The first great era of globalisation from roughly 1840 through to 1914 took place inside a framework that we can now view as the last hurrah of empire. The logic of empire extends back to the invention of agriculture – a technology that fundamentally demands access to fertile land, rainfall and sunshine. This meant all successful societies needed to expand their territory in order to survive, hence 10,000 years of conquest, colonisation, slavery and exploitation.
The nature of empire is to create silos of control over territory, trade and politics – each silo largely self-contained and treating all others as a competitors and potential prey. Industrialisation during the 1800’s had a paradoxical effect on this – it both empowered and intensified this process for a period, until the system collapsed in the two Great Wars of the 20th century. It also spun off three competing economic strategies – fascism, communism and capitalism. Fascism springs from an essentially authoritarian impulse that like the feudalism which preceded it – centralises power in the state; and it was the first to fall. Communism springs from the idea of the collective, the notion of community taking precedence over all – but based primarily in a highly materialistic, power based model of society – it failed to establish a form of society that met the social needs of it’s populations and failed in it’s own turn. Capitalism rooted in the idea of the sovereignty of the individual has proven the most durable, but it’s neo-liberal forms which imposed market models onto the legitimate domains of both the state and community will also prove fatal in time.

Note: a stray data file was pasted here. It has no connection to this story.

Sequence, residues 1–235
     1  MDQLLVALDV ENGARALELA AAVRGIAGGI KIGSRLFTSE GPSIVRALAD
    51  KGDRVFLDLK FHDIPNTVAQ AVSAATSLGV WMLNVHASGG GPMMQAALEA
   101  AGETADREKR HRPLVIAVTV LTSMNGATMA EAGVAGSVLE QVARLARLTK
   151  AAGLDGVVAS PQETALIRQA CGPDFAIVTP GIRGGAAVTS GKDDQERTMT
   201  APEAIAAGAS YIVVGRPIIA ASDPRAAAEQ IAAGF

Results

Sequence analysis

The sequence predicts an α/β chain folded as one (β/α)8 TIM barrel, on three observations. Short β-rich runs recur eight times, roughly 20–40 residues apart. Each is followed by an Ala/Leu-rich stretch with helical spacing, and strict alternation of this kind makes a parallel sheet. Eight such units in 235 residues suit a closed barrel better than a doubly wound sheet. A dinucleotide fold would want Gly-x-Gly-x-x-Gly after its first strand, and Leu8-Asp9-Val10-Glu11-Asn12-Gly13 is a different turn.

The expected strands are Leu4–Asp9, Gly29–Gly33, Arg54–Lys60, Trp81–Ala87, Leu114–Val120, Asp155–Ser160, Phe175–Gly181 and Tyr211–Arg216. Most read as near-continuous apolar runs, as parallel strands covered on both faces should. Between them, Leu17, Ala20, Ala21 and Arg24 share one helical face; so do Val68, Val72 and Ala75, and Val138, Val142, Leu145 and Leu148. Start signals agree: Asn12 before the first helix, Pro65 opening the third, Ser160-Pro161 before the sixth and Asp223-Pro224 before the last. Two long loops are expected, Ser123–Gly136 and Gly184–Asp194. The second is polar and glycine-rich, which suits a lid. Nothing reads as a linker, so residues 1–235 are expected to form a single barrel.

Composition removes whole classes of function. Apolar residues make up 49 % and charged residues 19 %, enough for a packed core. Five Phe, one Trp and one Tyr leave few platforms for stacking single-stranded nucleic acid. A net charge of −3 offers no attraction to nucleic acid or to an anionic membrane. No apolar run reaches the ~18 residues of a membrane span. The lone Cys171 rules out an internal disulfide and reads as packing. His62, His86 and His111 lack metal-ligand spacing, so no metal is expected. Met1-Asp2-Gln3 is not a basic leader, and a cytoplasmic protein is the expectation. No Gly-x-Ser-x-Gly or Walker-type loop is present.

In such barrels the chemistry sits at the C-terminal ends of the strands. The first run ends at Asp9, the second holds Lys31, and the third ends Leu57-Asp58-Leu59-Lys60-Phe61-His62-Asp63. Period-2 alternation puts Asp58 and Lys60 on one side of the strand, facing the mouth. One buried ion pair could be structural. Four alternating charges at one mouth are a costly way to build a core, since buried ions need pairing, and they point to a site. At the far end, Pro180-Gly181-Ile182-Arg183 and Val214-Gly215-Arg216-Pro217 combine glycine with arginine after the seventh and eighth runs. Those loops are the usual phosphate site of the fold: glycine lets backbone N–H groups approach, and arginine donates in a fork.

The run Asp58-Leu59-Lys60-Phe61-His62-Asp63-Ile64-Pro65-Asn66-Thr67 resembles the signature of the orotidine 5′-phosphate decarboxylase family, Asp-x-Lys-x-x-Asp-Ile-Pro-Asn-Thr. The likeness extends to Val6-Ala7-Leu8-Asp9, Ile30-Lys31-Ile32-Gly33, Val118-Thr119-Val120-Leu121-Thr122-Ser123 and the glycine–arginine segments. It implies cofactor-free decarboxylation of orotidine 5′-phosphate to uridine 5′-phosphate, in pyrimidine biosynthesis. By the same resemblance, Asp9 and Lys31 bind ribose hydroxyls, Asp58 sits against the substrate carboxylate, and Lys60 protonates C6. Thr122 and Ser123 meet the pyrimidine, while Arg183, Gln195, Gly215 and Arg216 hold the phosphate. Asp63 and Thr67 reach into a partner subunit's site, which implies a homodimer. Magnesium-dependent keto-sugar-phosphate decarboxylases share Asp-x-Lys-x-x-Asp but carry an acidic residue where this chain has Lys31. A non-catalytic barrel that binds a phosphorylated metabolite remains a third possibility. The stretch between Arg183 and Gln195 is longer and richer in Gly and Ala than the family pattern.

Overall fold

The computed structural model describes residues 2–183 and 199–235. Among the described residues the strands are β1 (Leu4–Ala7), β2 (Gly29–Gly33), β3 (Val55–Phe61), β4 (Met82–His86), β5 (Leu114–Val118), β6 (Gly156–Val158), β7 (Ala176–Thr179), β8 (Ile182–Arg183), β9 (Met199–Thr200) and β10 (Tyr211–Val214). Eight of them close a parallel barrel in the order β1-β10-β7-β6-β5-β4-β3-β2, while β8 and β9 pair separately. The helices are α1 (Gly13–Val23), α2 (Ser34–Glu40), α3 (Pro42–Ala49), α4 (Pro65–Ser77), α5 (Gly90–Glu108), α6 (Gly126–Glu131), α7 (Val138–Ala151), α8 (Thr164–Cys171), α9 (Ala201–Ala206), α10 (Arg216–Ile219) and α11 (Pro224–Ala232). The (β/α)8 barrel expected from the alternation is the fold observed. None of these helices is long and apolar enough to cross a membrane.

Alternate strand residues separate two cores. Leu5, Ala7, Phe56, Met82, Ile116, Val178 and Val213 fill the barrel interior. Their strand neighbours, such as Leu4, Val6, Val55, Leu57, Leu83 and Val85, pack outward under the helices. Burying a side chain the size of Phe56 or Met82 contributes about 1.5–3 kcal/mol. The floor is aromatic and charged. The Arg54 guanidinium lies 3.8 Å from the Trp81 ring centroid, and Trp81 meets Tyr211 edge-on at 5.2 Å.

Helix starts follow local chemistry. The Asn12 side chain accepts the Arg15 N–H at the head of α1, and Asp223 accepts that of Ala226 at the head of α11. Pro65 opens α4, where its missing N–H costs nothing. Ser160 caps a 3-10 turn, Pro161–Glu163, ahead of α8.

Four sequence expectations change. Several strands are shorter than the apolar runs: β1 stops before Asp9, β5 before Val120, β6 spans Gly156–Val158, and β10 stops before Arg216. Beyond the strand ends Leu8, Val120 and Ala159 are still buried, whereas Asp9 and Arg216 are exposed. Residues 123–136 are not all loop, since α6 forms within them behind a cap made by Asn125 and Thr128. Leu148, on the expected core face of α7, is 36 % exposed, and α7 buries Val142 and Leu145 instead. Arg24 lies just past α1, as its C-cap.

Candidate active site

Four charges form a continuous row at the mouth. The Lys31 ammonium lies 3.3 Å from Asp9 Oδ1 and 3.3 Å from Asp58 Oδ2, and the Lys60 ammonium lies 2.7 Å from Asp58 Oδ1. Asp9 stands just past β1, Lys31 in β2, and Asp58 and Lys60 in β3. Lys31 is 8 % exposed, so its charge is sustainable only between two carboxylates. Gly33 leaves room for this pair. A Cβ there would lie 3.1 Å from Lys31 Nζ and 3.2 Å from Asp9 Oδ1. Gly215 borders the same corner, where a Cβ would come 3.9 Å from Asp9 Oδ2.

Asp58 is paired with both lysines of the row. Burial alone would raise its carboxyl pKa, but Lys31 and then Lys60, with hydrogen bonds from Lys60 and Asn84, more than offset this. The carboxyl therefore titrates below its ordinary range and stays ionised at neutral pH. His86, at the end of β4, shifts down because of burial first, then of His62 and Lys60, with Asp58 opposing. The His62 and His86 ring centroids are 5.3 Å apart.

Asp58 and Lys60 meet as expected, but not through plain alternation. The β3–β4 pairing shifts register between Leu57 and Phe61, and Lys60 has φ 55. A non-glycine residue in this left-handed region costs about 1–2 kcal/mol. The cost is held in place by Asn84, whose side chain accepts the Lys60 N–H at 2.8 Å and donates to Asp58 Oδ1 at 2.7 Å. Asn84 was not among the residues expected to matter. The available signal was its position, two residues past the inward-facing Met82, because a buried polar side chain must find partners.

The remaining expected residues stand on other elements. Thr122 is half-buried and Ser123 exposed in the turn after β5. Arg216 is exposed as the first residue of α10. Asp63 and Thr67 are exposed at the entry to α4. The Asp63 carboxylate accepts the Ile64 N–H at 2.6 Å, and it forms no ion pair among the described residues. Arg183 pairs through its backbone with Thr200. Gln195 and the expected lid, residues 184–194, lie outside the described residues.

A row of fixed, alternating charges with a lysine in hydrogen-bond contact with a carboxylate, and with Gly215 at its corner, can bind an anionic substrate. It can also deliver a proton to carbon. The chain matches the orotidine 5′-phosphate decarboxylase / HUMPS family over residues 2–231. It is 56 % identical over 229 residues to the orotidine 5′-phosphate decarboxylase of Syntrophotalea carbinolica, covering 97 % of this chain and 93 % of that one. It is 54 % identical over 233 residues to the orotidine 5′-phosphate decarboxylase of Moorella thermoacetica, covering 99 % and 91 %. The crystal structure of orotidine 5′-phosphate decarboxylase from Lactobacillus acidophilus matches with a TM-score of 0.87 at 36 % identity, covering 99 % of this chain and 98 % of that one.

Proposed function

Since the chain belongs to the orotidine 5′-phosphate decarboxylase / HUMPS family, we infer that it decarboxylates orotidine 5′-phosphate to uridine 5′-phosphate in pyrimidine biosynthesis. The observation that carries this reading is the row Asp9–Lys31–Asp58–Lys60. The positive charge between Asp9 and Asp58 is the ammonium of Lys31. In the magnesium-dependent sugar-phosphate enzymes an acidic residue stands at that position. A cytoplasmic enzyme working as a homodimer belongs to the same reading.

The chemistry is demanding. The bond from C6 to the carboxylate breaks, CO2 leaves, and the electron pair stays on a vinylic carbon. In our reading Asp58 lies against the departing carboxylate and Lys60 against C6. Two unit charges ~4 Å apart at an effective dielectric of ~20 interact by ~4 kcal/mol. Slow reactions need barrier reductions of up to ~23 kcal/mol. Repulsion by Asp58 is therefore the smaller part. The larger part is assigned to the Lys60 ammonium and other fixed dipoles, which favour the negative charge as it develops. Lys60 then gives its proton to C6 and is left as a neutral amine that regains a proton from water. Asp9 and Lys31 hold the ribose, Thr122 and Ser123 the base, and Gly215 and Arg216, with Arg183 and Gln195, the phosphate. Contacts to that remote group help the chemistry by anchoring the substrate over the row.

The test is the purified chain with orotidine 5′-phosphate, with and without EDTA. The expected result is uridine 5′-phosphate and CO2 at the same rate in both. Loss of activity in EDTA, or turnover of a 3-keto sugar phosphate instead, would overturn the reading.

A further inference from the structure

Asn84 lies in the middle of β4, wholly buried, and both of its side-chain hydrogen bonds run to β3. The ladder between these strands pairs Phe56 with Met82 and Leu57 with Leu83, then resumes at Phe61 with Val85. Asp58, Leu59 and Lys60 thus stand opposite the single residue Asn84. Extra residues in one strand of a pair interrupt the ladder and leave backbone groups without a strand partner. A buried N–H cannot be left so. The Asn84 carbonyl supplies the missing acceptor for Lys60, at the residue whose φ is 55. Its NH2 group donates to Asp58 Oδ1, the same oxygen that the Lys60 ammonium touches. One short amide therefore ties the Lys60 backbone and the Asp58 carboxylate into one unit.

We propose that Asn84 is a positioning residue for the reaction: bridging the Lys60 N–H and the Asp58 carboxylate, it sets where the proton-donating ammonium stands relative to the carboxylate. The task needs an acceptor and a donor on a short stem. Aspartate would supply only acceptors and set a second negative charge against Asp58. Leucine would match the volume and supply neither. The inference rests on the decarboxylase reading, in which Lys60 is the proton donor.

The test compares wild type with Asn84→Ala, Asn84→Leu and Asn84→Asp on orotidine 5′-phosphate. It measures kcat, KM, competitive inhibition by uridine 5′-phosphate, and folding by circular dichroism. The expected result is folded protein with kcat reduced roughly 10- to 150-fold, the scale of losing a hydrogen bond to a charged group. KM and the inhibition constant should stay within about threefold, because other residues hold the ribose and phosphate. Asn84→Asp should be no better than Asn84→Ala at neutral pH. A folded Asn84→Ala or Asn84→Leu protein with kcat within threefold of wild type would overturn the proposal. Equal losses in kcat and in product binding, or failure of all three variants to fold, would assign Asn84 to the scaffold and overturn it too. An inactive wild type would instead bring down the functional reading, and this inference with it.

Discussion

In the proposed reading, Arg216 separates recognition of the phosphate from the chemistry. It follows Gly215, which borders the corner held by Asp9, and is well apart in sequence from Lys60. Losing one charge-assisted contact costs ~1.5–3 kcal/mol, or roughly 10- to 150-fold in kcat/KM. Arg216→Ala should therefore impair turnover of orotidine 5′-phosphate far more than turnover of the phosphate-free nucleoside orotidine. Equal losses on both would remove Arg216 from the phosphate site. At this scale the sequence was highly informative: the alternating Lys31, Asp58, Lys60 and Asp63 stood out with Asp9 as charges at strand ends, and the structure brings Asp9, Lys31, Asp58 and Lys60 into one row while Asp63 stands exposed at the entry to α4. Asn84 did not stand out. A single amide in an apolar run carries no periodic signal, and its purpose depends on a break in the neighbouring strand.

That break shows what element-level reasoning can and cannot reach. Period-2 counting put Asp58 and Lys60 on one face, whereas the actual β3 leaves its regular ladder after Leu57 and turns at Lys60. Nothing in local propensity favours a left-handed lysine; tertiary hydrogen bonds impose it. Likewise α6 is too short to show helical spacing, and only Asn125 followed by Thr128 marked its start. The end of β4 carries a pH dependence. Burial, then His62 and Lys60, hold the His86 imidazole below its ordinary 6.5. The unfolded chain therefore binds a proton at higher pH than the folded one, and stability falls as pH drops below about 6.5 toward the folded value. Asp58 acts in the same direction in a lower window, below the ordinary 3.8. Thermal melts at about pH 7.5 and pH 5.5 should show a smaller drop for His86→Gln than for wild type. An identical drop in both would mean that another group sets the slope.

The second great attempt at globalisation post-WW2 arose almost by accident. The US possessed by the need to contain the Soviets in Europe (it could not allow them access to the Atlantic) created a new form of alliance at Bretton Woods. It was unquestionably a hegemony – but not one based on the need to control territory, but to control the politics. Essentially the US bribed much of the world to create an alliance against the Soviets, the deal was that the Americans would provide the security and framework to enable global trade – as long as you were politically on their side against communism. And as flawed and narrow as this motivation was it was wildly successful. It not only contained and eventually destroyed the Soviets – it also led to the greatest period of human development ever. The relative peace and prosperity that most of us have taken for granted all our adult lives – is really just a brief blip in history consequent on this relatively flimsy structure.